6. Holding cell phones and driving are not a good fit. If you must talk or text, pull over to the side of the road or just wait until there is a good time to do so. If you need to talk, then consider a headset or car phone.

Our Driving in Hawaii Post Offers More Tips.

Hawaii was also ranked the worst state for driving by Wallethub earlier this year. That was based on gas prices, traffic congestion, and road quality. Don’t get us started on road quality here in Hawaii. It’s ridiculous. But then Bankrate listed Hawaii as the third safest state for drivers.

With all of these surveys out this year alone, what is your feeling about driving in Hawaii in terms of what you find easy and what is challenging? Are drivers courteous?

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26 thoughts on “What’s Happening With Hawaii Drivers You Should Know About”

  1. Moved to Maui in 2022. I’ve never driven in a place where more people refuse to use turn signals. It’s mind blowing. I’d say less than 20% use turn signals here as they should.

  2. Hawaii resident who defiantly feels the increase in hostility on the roads. People are now driving huge vehicles that monopolize parking,create blind spots and the drivers seem to think they can be aggressive because they are in these tank sized vehicles,; unfit for the small roads ,especially Kauai. It’s very rare that these drivers stop,slow down or yield to pedestrians.

  3. Over the many years we have been coming to the BI, one thing we have observed that happens on a regular basis is passing in a no passing zone. There is a reason for those double yellow stripes, but nearly every time we are there we hear on the news about a fatal head-on collision because someone was passing when they shouldn’t have been. Very sad and so dangerous. As far as the Costco parking lot…those are pedestrian nightmares everywhere, not just in Hawaii.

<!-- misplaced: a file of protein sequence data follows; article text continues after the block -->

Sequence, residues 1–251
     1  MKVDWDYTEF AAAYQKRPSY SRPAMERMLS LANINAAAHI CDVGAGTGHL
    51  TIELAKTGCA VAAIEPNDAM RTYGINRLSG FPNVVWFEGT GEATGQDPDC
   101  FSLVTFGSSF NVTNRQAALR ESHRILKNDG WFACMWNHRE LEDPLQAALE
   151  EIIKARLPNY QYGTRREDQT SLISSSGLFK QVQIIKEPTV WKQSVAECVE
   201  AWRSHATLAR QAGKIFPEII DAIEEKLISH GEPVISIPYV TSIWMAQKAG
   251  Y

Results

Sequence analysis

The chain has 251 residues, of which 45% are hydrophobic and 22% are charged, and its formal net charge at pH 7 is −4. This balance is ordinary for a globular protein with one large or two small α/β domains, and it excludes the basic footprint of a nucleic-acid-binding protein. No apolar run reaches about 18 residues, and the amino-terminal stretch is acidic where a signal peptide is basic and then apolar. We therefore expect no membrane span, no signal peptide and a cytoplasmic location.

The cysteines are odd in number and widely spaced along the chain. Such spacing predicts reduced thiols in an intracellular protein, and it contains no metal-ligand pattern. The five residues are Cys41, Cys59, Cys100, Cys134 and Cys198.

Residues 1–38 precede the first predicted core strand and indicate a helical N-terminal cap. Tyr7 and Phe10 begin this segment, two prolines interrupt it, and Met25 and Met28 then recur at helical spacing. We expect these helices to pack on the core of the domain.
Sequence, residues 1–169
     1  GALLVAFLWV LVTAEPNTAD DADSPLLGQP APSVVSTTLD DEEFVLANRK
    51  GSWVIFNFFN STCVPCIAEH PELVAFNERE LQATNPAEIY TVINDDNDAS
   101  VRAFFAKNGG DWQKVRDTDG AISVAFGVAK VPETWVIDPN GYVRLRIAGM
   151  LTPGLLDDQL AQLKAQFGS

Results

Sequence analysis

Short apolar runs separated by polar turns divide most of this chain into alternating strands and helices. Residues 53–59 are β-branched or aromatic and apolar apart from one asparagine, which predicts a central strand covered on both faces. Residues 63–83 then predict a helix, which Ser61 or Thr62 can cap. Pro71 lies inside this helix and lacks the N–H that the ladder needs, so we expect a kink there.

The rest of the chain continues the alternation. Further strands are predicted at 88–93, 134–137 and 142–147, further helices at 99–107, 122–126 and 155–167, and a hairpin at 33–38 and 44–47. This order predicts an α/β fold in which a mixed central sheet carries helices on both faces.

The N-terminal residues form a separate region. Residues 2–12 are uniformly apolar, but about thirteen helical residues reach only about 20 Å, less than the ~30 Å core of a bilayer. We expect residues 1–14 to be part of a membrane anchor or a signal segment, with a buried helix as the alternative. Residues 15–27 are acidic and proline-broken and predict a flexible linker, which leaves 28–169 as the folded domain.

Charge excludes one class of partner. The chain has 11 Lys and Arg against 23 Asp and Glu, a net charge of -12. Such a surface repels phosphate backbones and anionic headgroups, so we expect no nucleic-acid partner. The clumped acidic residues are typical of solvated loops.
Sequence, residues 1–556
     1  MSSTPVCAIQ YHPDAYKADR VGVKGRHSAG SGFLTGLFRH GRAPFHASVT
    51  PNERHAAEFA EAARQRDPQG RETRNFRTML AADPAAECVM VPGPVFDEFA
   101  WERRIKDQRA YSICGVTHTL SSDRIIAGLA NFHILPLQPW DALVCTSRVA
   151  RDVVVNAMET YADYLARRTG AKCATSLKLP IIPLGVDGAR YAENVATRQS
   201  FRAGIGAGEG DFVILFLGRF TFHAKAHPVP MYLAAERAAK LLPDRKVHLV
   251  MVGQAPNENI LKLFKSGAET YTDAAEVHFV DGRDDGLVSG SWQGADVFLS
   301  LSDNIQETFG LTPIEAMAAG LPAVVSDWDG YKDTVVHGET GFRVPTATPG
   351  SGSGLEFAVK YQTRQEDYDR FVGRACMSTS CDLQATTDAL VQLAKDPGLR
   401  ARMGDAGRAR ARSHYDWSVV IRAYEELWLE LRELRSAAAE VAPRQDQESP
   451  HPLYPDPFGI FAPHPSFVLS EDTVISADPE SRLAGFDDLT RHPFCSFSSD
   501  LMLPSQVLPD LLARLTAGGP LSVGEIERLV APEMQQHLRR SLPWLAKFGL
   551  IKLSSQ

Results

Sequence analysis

4. What the problem is all the mainlanders moving here and bringing their mainland ways and the younger spoiled generations (X & Z) that think they are entitled.

    1. 25 years in Hawaii, working mostly in hospitality, and dealing with many people “from the mainland,” and “tourists.”

      Hint: They are here because they choose to be here, not because they have TO be here. The overwhelming majority act respectful and appreciative. Really.

      That’s WHY I thoroughly enjoyed working at places like Ken’s House of Pancakes & the Hilton.

      Locals? Most are decent enough. But way too many act like they don’t appreciate what they have here.

      At KHOP one night while clocking in, a “local” kid (“born and raised” here) says, “I can’t wait to get off this rock.”

    2. To the contrary. My encounters have been with natives often in business trucks. By example a truck with a university emblem on the side refused to let us merge. Zero aloha.